Broadband customers could be saving an average of £120 a year by haggling with their current provider or switching to a new one but almost half have never even tried, a new survey has found.
Nearly half (45%) of consumers had never contacted their current provider to try to negotiate a better deal, two in five (38%) had never switched provider and another quarter (24%) had not switched for more than three years, according to a survey of 5,000 people by consumer group Which?.
For most people, haggling yielded great results with more than three-quarters (78%) of those who tried being offered an incentive, discount or a better deal on their broadband.
And shopping around can pay off as many providers reserve the best deals for new customers and may allow the rates of existing customers to go up, so switching to a new one could mean even bigger savings.
Natalie Hitchins, Which? head of home products and services, said: “Many of us obediently pay our bills throughout the year without ever giving it a second thought but just one phone call or online chat could save you £120 this Christmas.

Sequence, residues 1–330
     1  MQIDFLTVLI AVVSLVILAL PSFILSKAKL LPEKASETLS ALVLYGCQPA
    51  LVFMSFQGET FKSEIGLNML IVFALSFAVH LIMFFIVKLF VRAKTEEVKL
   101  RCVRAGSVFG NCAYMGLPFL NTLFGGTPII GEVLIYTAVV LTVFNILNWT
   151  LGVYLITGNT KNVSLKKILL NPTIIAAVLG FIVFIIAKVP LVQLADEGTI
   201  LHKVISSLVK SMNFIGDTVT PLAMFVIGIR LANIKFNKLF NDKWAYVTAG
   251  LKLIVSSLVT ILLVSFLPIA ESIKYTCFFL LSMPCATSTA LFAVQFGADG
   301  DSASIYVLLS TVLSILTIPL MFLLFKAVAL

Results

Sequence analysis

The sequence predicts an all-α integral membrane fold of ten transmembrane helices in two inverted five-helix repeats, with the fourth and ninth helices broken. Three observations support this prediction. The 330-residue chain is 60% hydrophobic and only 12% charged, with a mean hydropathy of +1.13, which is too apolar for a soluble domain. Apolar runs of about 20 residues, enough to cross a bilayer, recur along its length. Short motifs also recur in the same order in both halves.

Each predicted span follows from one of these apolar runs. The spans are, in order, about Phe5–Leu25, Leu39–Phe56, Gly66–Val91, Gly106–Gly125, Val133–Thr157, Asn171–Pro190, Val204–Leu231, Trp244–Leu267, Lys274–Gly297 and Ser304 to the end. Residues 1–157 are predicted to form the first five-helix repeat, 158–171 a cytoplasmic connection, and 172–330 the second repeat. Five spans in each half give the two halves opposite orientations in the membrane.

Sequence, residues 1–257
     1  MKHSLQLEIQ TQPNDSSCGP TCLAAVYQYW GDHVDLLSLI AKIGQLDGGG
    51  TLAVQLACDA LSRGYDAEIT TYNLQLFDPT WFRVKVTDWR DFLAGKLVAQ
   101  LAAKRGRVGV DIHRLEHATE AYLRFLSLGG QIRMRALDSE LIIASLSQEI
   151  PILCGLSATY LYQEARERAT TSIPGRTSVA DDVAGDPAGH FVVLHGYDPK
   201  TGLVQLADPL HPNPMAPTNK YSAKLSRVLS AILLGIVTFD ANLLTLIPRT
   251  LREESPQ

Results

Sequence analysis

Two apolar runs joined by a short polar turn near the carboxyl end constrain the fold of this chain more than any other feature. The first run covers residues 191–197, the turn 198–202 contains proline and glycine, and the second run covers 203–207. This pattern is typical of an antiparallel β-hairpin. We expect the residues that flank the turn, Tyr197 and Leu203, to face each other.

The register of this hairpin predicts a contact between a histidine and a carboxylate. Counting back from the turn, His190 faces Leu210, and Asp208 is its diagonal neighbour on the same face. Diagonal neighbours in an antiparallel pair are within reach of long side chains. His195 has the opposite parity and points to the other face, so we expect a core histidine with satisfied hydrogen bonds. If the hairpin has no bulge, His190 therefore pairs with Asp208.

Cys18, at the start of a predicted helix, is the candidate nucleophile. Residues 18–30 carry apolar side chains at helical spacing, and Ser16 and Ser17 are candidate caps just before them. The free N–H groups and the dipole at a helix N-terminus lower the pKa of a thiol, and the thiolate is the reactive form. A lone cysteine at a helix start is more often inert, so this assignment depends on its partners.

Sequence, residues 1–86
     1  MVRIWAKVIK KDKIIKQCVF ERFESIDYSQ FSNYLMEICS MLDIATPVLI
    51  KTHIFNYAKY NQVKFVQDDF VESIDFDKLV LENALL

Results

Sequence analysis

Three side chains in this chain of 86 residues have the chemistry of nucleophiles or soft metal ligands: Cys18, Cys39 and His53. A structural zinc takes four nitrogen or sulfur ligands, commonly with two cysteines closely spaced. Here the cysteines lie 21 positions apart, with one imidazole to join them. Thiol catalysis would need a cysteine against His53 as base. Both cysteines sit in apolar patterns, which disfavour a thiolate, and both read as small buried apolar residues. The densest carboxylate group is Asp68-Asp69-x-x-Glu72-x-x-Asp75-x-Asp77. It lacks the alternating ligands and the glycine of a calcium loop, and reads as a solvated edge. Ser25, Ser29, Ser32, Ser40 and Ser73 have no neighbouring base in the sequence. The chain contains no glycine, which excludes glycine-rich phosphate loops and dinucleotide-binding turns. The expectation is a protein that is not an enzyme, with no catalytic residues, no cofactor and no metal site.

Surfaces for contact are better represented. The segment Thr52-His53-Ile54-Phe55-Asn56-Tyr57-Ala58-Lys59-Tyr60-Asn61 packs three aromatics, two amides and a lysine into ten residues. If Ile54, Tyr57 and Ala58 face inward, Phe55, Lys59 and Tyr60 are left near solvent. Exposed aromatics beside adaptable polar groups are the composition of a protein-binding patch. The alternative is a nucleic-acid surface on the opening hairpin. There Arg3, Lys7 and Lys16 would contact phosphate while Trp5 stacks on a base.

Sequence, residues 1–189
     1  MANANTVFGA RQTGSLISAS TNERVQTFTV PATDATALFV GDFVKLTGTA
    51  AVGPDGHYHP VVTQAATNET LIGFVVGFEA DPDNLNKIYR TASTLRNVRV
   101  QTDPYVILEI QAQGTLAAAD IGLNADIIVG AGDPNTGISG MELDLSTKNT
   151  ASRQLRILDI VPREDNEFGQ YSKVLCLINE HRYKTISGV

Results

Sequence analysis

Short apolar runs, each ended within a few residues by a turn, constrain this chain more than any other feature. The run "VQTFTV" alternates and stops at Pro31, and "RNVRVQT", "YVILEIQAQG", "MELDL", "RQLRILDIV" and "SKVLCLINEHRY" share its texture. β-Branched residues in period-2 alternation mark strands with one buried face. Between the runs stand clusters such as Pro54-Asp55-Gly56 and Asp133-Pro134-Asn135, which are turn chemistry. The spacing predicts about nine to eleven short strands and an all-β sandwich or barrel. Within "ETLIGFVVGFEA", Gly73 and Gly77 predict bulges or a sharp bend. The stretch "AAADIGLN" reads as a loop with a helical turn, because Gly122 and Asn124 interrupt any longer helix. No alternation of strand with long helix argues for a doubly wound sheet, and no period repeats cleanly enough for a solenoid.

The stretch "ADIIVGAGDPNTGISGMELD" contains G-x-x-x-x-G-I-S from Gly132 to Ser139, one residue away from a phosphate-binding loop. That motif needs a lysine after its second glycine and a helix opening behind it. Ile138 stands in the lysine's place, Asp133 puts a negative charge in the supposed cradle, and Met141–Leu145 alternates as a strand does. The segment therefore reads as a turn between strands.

“There are bigger savings to be had for those willing to switch to a new provider, but even if you are happy where you are, don’t be afraid to ask for a discount – it could make all the difference.”
Haggling over broadband might seem like too much hassle but among those who had tried it, over half (52%) found it easy with only a quarter (27%) saying it was difficult.
Changing providers was even easier for most people with 71% describing the process as easy, even though 27% experienced time without an internet connection as a result.
According to Which? switching is simple. Most customers will only need to contact one provider – the company they are moving to – and it will take care of the switch.
This is known as gaining provider-led switching and works for all the providers using the Openreach network, includes most prominent broadband providers such as BT, EE, Plusnet, Sky, TalkTalk, Vodafone and Zen Internet.
Which? said those switching to or from a separate network go through a different process where the customer asks the previous provider to switch the old connection off and then co-ordinates the move to the new provider themselves.
Next year, communications regulator Ofcom is due to consult on changes to the switching process with hopes of making the process of moving from one provider to another much easier for consumers.